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EVERY DROP OF BLOOD – a book by Ed Achorn

“It is hard to imagine anyone saying anything new about Abraham Lincoln, the most written-about figure in American history. But Edward Achorn has done it. No one has ever placed Lincoln’s Second Inaugural in such a full and rich context as he has. Achorn recreates the sights, sounds, smells, and the feel of everything, and his Lincoln was never more real. This is the work of a superb imaginative historian.” – this quote from Gordon S. Wood, Pulitzer Prize-winning author of Empire of Liberty about Providence Journal editor, Ed Achorn’s latest book, EVERY DROP OF BLOOD, The Momentous Second Inauguration of Abraham Lincoln

Lending a new perspective on the Civil War, Edward Achorn’s book breathes life into the tense events surrounding Abraham Lincoln’s second inaugural address. Brilliantly conceived and vividly drawn, Achorn pulls readers into Washington, DC’s polarized inner circles, and into the personal anguish of Lincoln himself—an unpopular, narrowly-elected President determined to end the war and set a course toward healing the nation. Prominent figures and forces circulate around Washington leading up to Lincoln’s second inaugural address, made all the more compelling with the knowledge that within a month of delivering the speech, he would be assassinated.

By March 4, 1865, the Civil War had slaughtered more than 700,000 Americans and left intractable wounds on the nation. After a morning of rain-drenched fury, tens of thousands crowded Washington’s Capitol grounds that day to see Abraham Lincoln take the oath for a second term. As the sun emerged, Lincoln rose to give perhaps the greatest inaugural address in American history, stunning the nation by arguing, in a brief 701 words, that both sides had been wrong, and that the war’s unimaginable horrors—every drop of blood spilled—might well have been God’s just verdict on the national sin of slavery.

Edward Achorn reveals the nation’s capital on that momentous day—with its mud, sewage, and saloons, its prostitutes, spies, reporters, social-climbing spouses and power-hungry politicians—as a microcosm of all the opposing forces that had driven the country apart. A host of characters, unknown and famous, had converged on Washington—from grievously wounded Union colonel Selden Connor in a Washington hospital and the embarrassingly drunk new vice president, Andrew Johnson, to poet-journalist Walt Whitman; from soldiers’ advocate Clara Barton and African American leader and Lincoln critic-turned-admirer Frederick Douglass (who called the speech “a sacred effort”) to conflicted actor John Wilkes Booth—all swirling around the complex figure of Lincoln.

In indelible scenes, Achorn vividly captures the frenzy in the nation’s capital at this crucial moment in America’s history and the tension-filled hope and despair afflicting the country as a whole, soon to be heightened by Lincoln’s assassination. His story offers new understanding of our great national crisis, and echoes down the decades to resonate in our own time.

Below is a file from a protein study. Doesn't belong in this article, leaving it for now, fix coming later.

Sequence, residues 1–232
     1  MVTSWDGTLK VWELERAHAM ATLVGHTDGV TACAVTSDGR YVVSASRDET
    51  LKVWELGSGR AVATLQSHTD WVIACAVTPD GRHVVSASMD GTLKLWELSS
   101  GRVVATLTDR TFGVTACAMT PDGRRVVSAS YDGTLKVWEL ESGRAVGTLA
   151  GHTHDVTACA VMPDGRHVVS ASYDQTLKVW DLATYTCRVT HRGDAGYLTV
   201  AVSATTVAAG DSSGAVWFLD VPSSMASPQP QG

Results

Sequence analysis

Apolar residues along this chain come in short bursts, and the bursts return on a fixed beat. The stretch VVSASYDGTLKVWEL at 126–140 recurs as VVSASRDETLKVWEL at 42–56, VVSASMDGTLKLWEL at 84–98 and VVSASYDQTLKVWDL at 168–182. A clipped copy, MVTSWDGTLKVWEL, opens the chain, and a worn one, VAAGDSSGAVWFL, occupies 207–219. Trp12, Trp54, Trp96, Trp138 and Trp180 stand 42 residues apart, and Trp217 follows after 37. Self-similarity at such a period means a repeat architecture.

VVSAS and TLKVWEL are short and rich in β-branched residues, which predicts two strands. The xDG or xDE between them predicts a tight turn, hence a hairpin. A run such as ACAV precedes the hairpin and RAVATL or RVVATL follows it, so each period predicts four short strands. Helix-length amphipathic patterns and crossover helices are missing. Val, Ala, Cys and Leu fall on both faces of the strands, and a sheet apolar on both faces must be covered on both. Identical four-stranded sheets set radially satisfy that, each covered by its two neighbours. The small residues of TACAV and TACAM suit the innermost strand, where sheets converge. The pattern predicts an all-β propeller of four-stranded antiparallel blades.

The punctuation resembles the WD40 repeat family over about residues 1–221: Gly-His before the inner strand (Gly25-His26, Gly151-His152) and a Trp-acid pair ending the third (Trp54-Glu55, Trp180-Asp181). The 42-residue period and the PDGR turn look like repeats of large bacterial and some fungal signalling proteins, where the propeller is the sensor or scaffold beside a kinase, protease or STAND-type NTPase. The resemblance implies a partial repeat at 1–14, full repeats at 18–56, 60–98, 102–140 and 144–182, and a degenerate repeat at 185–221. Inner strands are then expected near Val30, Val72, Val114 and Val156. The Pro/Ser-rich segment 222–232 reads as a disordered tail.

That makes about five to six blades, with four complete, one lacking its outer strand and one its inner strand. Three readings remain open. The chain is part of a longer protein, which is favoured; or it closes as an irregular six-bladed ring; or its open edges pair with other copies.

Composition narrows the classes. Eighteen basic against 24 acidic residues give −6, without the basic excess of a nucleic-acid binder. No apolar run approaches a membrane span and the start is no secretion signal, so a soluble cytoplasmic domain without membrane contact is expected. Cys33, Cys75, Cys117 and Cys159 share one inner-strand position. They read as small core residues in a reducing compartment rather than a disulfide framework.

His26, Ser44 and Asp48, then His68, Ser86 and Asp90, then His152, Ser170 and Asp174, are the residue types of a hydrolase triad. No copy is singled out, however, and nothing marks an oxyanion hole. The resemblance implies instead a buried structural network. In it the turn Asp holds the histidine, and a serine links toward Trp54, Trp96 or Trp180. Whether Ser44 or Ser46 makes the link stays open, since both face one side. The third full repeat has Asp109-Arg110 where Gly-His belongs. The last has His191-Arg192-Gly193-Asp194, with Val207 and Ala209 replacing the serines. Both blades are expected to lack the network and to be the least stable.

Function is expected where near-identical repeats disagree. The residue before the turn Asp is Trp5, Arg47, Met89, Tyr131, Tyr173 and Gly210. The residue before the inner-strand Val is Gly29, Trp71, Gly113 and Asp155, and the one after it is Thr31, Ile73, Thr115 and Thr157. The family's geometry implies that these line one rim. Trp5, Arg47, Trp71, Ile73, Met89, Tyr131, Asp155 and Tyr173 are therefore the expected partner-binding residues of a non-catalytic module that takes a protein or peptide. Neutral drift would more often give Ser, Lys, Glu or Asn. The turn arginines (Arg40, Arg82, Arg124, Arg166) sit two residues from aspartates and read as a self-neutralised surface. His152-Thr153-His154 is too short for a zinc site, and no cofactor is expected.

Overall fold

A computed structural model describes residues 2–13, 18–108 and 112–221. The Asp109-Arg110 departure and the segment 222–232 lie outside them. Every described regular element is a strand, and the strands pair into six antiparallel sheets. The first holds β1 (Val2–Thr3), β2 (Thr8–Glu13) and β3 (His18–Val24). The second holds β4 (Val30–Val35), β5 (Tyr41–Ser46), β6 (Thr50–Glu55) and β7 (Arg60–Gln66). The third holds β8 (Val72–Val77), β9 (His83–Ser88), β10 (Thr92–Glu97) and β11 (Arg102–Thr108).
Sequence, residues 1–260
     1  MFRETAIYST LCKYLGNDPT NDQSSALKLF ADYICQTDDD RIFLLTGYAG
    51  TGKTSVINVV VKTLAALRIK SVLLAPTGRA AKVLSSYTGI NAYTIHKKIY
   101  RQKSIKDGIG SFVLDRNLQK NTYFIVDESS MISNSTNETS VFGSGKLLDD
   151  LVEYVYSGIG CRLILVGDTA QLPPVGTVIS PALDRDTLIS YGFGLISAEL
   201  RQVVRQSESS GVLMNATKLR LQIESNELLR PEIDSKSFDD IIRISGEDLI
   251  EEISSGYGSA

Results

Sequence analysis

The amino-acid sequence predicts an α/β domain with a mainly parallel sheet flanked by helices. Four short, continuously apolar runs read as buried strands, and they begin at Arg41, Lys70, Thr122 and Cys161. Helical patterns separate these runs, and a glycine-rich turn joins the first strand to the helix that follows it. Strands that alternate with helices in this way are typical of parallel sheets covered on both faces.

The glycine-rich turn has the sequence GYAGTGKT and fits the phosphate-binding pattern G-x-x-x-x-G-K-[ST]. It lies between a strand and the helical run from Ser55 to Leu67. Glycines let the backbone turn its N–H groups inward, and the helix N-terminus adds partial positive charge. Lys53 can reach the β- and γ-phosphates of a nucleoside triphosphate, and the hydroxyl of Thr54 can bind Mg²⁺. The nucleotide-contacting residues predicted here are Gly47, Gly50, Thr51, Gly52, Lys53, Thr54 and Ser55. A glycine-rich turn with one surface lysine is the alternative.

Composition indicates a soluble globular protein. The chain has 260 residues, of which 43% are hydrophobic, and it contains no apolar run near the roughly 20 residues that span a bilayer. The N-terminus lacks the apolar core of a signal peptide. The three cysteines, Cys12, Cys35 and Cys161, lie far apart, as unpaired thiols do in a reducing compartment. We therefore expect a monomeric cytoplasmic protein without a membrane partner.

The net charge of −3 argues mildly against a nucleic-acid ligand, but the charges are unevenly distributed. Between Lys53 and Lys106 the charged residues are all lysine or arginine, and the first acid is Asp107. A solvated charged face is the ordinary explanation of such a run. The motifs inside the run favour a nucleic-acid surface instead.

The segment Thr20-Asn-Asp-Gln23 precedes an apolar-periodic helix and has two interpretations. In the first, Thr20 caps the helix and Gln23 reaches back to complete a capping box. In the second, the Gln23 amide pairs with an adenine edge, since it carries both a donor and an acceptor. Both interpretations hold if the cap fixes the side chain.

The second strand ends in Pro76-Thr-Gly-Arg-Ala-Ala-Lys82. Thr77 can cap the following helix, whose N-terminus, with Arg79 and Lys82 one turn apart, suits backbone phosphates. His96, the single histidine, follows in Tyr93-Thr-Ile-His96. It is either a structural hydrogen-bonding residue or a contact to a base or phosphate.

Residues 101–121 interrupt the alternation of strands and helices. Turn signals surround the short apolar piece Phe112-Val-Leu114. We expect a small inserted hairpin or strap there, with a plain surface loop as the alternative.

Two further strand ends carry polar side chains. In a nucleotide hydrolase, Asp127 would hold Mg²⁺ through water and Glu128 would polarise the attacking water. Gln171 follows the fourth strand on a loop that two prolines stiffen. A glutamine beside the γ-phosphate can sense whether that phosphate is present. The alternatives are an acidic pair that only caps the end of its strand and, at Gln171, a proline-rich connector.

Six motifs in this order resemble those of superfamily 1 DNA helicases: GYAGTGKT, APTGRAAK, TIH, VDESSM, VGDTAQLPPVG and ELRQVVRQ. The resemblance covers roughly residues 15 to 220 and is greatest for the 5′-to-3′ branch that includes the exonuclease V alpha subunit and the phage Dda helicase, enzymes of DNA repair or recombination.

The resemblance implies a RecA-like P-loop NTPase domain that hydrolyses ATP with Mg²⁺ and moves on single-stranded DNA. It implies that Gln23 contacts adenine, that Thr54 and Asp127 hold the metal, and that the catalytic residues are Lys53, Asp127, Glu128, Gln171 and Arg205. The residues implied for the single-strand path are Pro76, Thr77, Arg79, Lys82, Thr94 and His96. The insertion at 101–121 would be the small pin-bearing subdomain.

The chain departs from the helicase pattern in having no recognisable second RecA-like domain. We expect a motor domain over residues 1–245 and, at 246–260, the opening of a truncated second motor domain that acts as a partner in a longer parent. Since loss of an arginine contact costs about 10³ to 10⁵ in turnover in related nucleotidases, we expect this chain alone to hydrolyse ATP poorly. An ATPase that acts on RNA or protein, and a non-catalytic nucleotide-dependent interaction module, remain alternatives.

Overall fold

For anyone in hyper-local Rhode Island who may follow Ed Achorn’s Facebook page, you can sense his delight in the upcoming publication date. Pre-orders may be made now, and we’re sure Ed will be on the signing circuit as well.

A few more reviews:

“Prize-worthy. Achorn is erudite and empathetic, and the book is chock-full of information and telling insights. Achorn sets the scene for the greatest inaugural address in American history.” —Frank J. Williams, founder of The Lincoln Forum and author of Judging Lincoln

“A magisterial analysis not only of Lincoln’s second inaugural but of the context in which it was given. Achorn’s keen eye for the meaningful detail reveals new layers of meaning to both a familiar speech and the divided nation that received them. His gift for telling a good story makes it a must read for historians and general readers alike.”Maury Klein, author of Days of Defiance and A Call to Arms

Edward Achorn, a Pulitzer Prize finalist for Commentary and winner of the Yankee Quill Award, is the vice president and editorial pages editor of The Providence Journal. He is the author of two acclaimed books about nineteenth century baseball and American culture, Fifty-nine in ’84 and The Summer of Beer and Whiskey. He lives in an 1840s farmhouse in Rehoboth, Massachusetts.

“The author provides rich description of a wide cast of people, including politicians, poets, soldiers, and nurses . . . Achorn is especially insightful in setting the scene for the inaugural, going deep inside the social world of the capital and remarking on the constant positioning for favor or notice . . . A solid history that will allow readers to feel as if they are in the moment.”—Library Journal

“This richly detailed account of the events surrounding Lincoln’s second inaugural address focuses on the many notable and obscure personalities present in Washington as the Civil War neared its end, including such opposites as Frederick Douglass and John Wilkes Booth, whose lives intersected with Lincoln’s in dramatically contrasting ways.”—James M. McPherson, Pulitzer Prize-winning author of Battle Cry of Freedom

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